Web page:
Direct chemical evidence for eumelanin pigment from the Jurassic period

@article{Glass2012DirectCE,
  title={Direct chemical evidence for eumelanin pigment from the Jurassic period},
  author={Keely E Glass and Shosuke Ito and Philip R Wilby and Takayuki Sota and Atsushi Nakamura and Clifford R. Bowers and Jakob Vinther and Suryendu Dutta and Roger Everett Summons and Derek E. G. Briggs and Kazumasa Wakamatsu and John D. Simon},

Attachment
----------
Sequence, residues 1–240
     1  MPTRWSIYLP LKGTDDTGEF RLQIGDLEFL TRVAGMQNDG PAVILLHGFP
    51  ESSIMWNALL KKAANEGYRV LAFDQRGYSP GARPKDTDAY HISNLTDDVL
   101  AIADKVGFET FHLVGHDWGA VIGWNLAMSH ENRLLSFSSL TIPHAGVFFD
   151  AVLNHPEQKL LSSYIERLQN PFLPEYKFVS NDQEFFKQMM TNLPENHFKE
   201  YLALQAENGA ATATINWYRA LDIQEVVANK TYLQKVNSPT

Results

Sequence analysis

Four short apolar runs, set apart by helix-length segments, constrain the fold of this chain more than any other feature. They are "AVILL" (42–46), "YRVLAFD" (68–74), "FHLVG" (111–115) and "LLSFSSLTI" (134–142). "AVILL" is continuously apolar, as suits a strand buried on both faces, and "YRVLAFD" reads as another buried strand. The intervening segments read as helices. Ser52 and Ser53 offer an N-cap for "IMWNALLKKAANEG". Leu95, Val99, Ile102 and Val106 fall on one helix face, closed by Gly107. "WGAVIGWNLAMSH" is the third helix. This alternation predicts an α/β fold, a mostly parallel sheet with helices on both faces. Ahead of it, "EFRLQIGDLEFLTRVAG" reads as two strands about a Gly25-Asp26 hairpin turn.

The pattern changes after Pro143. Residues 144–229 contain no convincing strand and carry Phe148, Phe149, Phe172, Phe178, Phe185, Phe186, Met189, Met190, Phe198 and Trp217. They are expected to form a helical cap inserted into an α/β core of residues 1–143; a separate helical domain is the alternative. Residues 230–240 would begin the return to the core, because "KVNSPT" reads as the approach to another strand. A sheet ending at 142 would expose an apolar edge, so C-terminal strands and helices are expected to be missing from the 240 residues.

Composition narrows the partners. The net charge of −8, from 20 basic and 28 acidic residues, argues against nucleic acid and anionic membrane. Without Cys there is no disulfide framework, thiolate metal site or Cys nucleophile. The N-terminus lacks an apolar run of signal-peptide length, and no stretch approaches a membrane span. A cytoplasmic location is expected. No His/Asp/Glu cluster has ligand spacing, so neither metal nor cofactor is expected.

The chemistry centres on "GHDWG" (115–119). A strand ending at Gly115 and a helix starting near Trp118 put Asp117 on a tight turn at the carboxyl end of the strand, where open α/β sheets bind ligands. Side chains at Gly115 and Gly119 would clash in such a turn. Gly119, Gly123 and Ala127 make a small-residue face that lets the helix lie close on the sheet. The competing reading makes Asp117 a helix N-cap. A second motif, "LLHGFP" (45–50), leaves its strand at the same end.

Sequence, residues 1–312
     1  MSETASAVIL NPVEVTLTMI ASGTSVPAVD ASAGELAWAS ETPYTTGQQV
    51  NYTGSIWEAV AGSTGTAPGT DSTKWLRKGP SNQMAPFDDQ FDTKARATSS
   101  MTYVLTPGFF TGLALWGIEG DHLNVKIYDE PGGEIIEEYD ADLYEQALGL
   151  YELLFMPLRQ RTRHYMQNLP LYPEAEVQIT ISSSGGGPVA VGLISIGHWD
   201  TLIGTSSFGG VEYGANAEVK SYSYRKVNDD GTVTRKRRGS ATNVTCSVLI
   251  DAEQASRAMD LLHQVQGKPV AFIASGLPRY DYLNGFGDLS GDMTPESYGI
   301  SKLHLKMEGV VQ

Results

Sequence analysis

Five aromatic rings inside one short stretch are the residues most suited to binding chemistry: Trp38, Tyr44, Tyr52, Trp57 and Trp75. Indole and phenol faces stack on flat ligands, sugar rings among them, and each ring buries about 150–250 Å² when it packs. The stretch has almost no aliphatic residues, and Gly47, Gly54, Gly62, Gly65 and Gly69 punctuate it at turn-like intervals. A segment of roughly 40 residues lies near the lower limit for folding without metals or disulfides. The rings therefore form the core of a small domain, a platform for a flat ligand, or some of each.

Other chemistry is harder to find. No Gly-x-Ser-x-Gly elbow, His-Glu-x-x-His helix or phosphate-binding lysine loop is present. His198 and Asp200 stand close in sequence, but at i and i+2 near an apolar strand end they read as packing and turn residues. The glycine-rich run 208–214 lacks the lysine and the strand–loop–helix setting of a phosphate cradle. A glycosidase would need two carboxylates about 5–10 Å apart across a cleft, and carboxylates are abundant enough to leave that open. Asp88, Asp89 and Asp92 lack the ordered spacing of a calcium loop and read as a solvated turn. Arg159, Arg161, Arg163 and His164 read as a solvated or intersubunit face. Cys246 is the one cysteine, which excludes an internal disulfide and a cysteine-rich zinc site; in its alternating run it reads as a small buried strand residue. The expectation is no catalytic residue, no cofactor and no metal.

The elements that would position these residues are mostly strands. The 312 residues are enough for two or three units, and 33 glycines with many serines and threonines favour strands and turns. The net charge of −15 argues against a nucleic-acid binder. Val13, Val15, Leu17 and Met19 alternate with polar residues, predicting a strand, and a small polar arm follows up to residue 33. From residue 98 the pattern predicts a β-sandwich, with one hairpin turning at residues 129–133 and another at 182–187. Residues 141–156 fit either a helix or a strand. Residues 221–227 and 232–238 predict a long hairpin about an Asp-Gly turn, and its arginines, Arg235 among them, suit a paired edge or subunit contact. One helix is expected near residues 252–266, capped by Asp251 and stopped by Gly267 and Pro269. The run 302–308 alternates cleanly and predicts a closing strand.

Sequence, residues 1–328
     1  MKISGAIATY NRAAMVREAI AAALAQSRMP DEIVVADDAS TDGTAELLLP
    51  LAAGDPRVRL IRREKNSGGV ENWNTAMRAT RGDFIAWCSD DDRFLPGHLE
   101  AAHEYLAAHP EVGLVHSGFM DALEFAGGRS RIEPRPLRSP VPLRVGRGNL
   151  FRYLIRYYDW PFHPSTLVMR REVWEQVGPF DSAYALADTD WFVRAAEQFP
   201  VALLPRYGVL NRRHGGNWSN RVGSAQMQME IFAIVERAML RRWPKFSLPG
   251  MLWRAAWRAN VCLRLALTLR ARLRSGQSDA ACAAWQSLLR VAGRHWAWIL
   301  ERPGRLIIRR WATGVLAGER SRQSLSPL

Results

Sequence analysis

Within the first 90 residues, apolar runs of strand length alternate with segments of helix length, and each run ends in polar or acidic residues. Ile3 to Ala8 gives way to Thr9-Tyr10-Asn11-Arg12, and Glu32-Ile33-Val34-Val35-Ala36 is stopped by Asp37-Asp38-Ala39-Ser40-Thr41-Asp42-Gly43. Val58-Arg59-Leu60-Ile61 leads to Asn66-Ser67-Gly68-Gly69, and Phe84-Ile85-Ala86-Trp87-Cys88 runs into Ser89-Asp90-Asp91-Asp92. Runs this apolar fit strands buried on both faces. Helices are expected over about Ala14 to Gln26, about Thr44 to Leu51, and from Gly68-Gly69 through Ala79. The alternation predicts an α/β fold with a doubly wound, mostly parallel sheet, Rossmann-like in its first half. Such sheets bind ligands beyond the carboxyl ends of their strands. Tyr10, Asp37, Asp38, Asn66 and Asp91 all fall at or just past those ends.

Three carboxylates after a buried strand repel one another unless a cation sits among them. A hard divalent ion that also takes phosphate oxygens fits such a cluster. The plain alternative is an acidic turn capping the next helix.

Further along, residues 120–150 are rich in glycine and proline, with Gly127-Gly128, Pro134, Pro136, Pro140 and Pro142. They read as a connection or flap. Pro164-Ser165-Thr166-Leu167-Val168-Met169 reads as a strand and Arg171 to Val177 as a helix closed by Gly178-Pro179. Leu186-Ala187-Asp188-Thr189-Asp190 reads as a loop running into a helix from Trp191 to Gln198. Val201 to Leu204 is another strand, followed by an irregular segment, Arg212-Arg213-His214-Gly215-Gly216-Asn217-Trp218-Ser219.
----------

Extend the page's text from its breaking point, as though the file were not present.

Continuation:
journal={Proceedings of the National Academy of Sciences},
  year={2012},
  volume={109},
  pages={10218 - 10223}
}
Melanin is a ubiquitous biological pigment found in bacteria, fungi, plants, and animals. It has a diverse range of ecological and biochemical functions, including display, evasion, photoprotection, detoxification, and metal scavenging. To date, evidence of melanin in fossil organisms has relied entirely on indirect morphological and chemical analyses. Here, we apply direct chemical techniques to categorically demonstrate the preservation of eumelanin in two > 160 Ma Jurassic cephalopod ink… 

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